Poka yoke, or Why a solid design database matters

Poka yoke, or Why a solid design database matters

So we have had a very hot summer thus far here in southwest Virginia. Not that it was any cooler or less humid when I was in Shenzhen for six weeks in late spring, but given that I am renovating an old home without central air while living in it, I am allowed to comment on the weather.

The old A/C units that came with the house were not up to the task, so rather than broil while we rip up half the house to install central air, off we go to the appliance store to buy some new window units. We bought several of the same model, and while I have never thought about an A/C unit needing a remote control, this model had remotes.

After I got them installed, we noticed a tiny little design flaw in the remote. See if you can spot it.

Poka yoke, or Why a solid design database matters

Were I a dedicated blogger, I would take one of these apart to show you the interior, but now that I have the wonder of a remote control for my A/C, I am not going to risk breaking one of these just for you. I prefer to luxuriate in my new found comfort like a stereotypical lazy American, thank you very much.

Were I to take the remote apart, you would see that the buttons are molded as one piece. Molding the buttons as a solid piece is the standard way of doing it, but by creating a part that was symmetrical (likely just a plain rectangle), the designer created a failure mode – the assembler could put the parts together backwards. What the designer should have done was analyze what could go wrong with the design – could it be assembled backwards? – and keyed one end so the the part was not symmetrical. Perhaps there is an internal feature that one end of the button strip could have been molded to mate with. Many companies I’ve worked with use the formal Failure Modes Effects Analysis (FMEA) process, and it is a great tool if you have the discipline to use it. The Japanese refer to this practice as“poka yoke” (mistake proofing), but often still translated as “idiot proofing”. I’m not a fan of that translation, because who’s the idiot – the guy would made the momentary mistake of putting it in backwards or the designer who created a flawed product?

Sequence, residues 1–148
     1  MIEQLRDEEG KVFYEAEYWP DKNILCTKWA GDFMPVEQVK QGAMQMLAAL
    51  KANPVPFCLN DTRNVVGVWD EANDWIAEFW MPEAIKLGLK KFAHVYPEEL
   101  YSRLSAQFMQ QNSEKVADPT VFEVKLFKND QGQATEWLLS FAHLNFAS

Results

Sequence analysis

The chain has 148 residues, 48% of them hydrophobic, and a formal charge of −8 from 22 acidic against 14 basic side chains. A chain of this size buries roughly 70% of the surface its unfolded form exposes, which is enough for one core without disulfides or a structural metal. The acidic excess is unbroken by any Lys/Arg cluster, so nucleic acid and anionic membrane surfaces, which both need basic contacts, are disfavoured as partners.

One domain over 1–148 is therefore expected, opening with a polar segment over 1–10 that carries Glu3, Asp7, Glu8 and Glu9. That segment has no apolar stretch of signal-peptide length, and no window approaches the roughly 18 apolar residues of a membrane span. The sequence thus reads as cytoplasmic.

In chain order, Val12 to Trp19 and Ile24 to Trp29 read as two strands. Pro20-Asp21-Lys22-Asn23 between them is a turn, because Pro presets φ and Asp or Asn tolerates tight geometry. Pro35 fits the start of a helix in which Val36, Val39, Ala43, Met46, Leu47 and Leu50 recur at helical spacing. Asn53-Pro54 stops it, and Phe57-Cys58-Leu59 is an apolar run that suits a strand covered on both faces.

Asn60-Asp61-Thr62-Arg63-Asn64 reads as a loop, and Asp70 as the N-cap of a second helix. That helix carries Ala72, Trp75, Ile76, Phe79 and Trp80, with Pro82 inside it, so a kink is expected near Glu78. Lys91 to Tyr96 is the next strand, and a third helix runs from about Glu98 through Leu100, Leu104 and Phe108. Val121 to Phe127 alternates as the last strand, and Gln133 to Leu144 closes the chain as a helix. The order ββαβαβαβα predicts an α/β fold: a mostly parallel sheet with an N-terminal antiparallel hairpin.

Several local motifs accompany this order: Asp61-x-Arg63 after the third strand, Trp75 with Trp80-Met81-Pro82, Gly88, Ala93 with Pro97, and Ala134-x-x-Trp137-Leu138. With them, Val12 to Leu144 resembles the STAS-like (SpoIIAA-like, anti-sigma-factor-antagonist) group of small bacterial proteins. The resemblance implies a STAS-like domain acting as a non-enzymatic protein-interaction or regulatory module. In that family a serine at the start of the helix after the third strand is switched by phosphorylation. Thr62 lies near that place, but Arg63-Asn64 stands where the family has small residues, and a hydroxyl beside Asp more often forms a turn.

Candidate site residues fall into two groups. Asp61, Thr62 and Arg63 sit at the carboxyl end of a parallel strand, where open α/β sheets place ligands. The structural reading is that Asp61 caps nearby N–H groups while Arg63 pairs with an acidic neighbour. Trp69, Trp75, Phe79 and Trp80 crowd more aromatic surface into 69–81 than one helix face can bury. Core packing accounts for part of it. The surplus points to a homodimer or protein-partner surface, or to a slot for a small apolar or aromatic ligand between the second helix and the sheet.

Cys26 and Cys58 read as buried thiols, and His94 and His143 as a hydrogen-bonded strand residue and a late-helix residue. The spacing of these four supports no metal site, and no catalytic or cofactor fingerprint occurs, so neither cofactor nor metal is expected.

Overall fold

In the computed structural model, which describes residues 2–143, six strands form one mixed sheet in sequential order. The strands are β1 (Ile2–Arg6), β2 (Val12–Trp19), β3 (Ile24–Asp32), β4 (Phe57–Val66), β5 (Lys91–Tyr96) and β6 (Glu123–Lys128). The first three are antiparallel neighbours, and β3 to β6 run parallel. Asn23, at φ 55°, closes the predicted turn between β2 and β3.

PassageMaker often gets classified as a China sourcing company. While we do source products in China, that is only the smallest part of what we do. We are primarily a contract assembly company (with that label encompassing vendor coordination, inspection, the actual assembly, packaging, logistics, VAT rebates, etc.). And I can tell you that we see MANY severely flawed design databases, drawings that appear to have been made by someone who gave no thought to how to put the thing together.

If you are going to spend the money to have something made in China, a dollar’s worth of poke yoke is worth hundred times that in money saved doing inspections, warranty claims and just the general embarrassment of sending a functional part out into the world that is nonetheless defective.

In our Endorsed Service Provider network, we recommend two design engineering firms. Contract Engineering Services is based in Virginia, USA, and VentureTech is Dutch-owned, based in Shenzhen. Both do a fine job for our clients and even if you do your own engineering, I strongly urge you to learn from the lesson above and try an mistake proof your design. It might feel good to blame the Chinese assembly line worker, but who really made the mistake?

Your thoughts?

0 replies

Leave a Reply

Want to join the discussion?
Feel free to contribute!

Leave a Reply

Your email address will not be published. Required fields are marked *